Abstract: Dietary information derived from the examination of stomach contents of 29 Indo-Pacific humpback dolphins (Sousa chinensis) stranded in Hong Kong waters is presented in this study. Humpback dolphins in this area have a diet comprised nearly exclusively of fish. Prey spectrum from the 15 dolphins with contents includes a minimum of 24 species of fish, and one species of cephalopod. The croaker (Johnius sp.) was the most frequent and numerically most important prey, followed by the lionhead (Collichthys lucida) and anchovies (Thryssa spp.). The fish families Sciaenidae, Engraulidae, Trichiuridae, and Clupeidae accounted for over 93% of all prey consumed. Most of these prey are common in murky, brackish waters of estuaries and often occur in large shoals. There is some dietary overlap with finless porpoises (Neophocaena phocaenoides); the two species share some 13 fish species, but only anchovies figure among the top five prey for both species. In addition, finless porpoises rely more heavily on cephalopods (squids, cuttlefishes, and octopus) and may venture into deeper, clearer waters during foraging, whereas humpback dolphins seem to exploit demersal and shoaling fish of productive estuaries. The stocks of some fish species important in the diet of humpback dolphins may have been subjected to heavy exploitation by the fisheries in Hong Kong waters. Behavioral observations of dolphins feeding in association with pair trawlers suggest a somewhat different prey preference for some dolphins from the results of this study.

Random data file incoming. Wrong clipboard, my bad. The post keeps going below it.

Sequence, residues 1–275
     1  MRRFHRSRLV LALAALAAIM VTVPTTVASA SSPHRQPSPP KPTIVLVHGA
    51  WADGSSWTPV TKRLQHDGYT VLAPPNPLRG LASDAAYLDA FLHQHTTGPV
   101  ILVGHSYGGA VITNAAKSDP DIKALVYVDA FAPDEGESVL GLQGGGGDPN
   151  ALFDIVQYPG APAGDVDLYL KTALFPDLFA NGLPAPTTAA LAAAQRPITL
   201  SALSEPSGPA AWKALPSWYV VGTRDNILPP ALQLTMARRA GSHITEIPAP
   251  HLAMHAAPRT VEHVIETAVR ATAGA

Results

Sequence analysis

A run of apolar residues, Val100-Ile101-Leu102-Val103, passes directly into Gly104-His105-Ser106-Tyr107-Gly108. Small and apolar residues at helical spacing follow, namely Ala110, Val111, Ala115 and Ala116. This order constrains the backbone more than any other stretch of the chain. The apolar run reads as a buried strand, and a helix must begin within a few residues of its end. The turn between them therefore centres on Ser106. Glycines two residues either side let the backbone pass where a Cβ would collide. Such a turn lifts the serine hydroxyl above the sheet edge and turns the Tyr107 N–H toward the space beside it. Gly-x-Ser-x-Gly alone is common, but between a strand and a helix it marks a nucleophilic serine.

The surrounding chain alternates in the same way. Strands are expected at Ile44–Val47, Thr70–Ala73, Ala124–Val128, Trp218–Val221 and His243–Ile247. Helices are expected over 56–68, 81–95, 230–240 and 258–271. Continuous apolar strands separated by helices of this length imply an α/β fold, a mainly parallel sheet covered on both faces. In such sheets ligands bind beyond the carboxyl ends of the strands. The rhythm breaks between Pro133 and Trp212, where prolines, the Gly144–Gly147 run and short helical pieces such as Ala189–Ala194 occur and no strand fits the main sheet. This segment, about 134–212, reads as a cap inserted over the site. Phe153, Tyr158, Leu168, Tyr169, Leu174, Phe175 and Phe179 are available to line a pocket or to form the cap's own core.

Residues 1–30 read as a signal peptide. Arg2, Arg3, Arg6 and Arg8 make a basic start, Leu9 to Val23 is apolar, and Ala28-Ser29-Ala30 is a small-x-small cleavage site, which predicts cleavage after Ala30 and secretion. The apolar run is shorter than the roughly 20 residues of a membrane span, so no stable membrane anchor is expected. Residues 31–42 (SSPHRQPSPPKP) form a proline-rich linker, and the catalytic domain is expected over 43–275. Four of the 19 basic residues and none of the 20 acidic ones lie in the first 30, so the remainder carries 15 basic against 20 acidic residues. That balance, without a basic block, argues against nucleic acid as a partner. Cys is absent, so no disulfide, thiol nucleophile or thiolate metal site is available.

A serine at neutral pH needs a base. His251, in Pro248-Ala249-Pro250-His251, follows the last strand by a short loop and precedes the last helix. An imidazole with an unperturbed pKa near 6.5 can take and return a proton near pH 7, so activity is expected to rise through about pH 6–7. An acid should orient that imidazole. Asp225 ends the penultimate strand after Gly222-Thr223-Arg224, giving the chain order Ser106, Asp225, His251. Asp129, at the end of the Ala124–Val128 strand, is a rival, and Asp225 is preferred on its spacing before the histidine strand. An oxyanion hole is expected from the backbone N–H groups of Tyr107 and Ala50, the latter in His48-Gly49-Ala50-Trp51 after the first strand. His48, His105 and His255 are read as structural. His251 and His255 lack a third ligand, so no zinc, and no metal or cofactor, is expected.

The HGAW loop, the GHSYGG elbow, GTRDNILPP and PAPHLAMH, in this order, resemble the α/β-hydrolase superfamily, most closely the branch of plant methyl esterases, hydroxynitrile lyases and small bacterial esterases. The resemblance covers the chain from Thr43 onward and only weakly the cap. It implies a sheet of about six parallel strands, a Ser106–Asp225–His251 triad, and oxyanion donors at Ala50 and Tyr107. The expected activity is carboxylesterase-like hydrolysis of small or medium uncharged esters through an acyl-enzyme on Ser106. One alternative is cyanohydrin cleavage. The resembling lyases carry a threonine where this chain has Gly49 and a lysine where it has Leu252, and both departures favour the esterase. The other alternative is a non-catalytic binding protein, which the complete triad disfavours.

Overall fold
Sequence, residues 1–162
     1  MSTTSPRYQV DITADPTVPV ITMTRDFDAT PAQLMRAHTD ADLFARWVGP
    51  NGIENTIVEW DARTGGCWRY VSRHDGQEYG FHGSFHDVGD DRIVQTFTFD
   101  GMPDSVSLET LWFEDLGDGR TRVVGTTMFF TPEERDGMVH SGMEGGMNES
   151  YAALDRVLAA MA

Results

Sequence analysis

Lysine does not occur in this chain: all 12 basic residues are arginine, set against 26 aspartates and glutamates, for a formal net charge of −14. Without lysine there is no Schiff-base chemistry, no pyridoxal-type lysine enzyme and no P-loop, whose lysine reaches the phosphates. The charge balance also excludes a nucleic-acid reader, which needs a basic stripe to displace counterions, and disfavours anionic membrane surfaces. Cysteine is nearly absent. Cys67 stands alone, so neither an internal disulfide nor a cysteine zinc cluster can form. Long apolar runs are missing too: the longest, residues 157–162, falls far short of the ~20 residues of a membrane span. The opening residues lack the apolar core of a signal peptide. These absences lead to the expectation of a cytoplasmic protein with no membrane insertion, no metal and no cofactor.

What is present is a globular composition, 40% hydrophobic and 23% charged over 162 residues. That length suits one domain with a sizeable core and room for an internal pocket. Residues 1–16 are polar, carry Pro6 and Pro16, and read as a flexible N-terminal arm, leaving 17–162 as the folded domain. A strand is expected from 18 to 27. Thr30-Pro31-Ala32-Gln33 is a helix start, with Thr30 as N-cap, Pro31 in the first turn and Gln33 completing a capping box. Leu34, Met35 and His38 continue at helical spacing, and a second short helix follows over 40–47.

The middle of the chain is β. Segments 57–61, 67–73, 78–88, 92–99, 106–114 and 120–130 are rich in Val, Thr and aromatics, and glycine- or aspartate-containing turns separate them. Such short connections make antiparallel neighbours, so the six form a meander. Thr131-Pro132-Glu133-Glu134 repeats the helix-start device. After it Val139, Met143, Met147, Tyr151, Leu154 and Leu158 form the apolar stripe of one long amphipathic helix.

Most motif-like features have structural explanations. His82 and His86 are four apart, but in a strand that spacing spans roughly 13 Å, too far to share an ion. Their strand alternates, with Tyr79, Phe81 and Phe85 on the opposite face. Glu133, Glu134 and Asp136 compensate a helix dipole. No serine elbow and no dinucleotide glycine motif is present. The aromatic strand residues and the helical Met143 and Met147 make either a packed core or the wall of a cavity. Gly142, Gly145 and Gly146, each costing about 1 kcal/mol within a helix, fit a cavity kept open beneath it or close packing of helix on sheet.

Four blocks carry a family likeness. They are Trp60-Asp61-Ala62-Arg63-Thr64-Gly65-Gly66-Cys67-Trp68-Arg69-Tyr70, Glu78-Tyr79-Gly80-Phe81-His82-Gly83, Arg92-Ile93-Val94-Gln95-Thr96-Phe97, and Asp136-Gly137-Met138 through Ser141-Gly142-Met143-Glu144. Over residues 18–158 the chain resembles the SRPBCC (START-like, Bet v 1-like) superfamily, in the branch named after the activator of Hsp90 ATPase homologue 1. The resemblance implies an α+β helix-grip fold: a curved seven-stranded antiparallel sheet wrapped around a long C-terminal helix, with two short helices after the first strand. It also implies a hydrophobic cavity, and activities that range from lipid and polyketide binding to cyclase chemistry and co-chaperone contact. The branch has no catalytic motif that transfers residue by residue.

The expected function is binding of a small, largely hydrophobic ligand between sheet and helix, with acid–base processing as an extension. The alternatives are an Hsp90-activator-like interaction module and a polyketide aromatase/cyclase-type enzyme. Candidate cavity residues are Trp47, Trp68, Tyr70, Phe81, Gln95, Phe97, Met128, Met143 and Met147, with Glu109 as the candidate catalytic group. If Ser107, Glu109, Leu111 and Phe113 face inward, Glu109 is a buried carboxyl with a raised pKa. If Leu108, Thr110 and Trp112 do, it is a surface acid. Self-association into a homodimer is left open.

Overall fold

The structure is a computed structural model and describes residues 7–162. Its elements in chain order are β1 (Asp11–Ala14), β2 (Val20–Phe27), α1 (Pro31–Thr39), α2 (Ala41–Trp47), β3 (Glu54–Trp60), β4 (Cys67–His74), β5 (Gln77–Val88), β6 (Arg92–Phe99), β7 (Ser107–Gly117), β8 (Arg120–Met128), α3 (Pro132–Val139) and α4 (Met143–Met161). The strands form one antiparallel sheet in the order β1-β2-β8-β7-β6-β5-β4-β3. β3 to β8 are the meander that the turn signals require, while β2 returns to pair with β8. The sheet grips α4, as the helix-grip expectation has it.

Key Words: FEEDING HABITS; STOMACH CONTENTS; PREY; HUMPBACK DOLPHIN; SOUSA CHINENSIS; HONG KONG; SOUTH CHINA SEA
Document Type: Research Article
Page Numbers: 179-188